The Auriga Butterflyfish, also known as the Threadfin Butterflyfish, is one of the more popular and readily available butterflyfish. A great beauty and hardy aquarium specimen. In the wild it is found on inner and outer reef slopes. As with many fish, the Threadfin Butterfly's color and markings can vary with the region of origin. Red Sea specimens tend to lose the eyespot (false eye to confuse predators) on the dorsal fin.
The Auriga Butterflyfish is quite shy and should be provided multiple hiding places. It is safe to keep it in a live rock-only tank, although it will pick at the rock.
With age, grows a trailing filament from the posterior dorsal fin. To eight inches long. Feeds principally on sessile invertebraes, including cnidarians and algae. Threadfin Butterflyfish; so named for a trailing filament that grows from the posterior dorsal fin. Some folks use this hardy species to rid their systems of pest anemones of the genus Aiptasia, and is known to consume most Large Polyp Stony coral polyps, Feather Dusters and Fanworms as food.
It will accept a wide range of aquarium fare and can withstand some neglect, for a butterfly. Of course, optimal water quality is required to ensure its good health. Once acclimated, it tends to be one of the more bold butterflies. It can be employed to clean live rock of aiptasiaanemones .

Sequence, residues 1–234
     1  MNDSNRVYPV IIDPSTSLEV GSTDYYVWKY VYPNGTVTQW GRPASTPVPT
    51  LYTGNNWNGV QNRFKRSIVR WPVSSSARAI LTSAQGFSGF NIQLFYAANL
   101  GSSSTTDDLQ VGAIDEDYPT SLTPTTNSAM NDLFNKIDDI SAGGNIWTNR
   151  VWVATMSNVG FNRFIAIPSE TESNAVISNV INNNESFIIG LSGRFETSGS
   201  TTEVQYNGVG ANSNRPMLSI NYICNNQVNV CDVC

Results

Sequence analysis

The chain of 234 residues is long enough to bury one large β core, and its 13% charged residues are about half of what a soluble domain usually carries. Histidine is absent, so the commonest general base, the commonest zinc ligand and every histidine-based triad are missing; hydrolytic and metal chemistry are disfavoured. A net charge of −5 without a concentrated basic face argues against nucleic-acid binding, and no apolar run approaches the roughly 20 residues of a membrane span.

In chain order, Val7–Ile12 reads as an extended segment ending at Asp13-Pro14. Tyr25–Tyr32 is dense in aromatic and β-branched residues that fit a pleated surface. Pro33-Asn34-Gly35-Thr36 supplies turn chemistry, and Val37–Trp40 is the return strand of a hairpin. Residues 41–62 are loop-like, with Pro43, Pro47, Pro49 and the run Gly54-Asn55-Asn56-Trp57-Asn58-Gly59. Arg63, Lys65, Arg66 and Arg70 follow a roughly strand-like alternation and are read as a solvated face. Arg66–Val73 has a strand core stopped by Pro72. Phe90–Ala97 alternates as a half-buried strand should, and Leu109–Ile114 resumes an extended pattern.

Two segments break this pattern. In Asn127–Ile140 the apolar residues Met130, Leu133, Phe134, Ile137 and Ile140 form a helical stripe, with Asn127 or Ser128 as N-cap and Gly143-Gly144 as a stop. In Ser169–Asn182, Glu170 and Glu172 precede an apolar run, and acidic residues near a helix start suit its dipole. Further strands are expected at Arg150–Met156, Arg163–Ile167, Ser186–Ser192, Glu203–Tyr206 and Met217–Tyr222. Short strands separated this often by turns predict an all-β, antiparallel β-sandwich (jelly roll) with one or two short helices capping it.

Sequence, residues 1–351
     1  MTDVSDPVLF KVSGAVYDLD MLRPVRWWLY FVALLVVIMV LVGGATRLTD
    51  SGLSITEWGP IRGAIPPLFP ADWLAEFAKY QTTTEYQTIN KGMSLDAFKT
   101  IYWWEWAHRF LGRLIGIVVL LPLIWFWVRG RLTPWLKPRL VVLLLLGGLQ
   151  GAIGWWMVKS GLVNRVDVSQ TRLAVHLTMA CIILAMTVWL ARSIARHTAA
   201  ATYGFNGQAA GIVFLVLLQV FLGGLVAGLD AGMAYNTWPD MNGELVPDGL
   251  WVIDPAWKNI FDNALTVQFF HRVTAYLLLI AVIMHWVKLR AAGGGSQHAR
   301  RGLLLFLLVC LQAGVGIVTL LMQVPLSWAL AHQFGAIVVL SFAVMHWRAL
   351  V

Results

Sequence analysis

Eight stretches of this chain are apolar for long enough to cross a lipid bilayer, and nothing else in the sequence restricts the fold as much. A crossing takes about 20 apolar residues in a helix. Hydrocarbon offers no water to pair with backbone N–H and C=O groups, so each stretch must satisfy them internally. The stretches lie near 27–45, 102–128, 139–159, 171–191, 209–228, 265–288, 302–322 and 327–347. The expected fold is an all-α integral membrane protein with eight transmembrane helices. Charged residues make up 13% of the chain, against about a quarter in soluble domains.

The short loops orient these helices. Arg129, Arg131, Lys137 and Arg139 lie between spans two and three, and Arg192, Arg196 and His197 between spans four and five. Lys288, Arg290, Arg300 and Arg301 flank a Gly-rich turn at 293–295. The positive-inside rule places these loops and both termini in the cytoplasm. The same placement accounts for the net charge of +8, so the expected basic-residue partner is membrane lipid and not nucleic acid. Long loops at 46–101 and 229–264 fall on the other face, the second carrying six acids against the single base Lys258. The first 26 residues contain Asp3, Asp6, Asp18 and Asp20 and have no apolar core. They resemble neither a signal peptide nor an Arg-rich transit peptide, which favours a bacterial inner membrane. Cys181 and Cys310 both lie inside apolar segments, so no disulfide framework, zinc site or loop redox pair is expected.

Maximum Size: The Auriga Butterfly grows up to 9 inches.
General Size Specifications: The small size will come to you generally 1 to 2 inches; the medium generally 3 to 4 inches; the large generally 5 to 6 inches not including the caudal fin.
Minimum Tank Size: The Auriga Butterfly prefers a tank of at least 80 gallons with plenty of places to hide & swim.
Behavior: The Auriga Butterfly may act semi-aggressively toward other fish.
Water Conditions: Keep water quality high (SG 1.020 - 1.025, pH 8.1 - 8.4, Temp. 72 - 78° F).
Habitat: Maldives, Fiji, Tonga, Hawaii, Indian Ocean.
Feeding and Diet: The Auriga Butterflyfish diet primarily consists of coral polyps, crustaceans, and algae in the wild. In an aquarium, frozen and freeze-dried diets containing algae are good substitutes and can be supplemented with asparagus, broccoli, and some dried algae.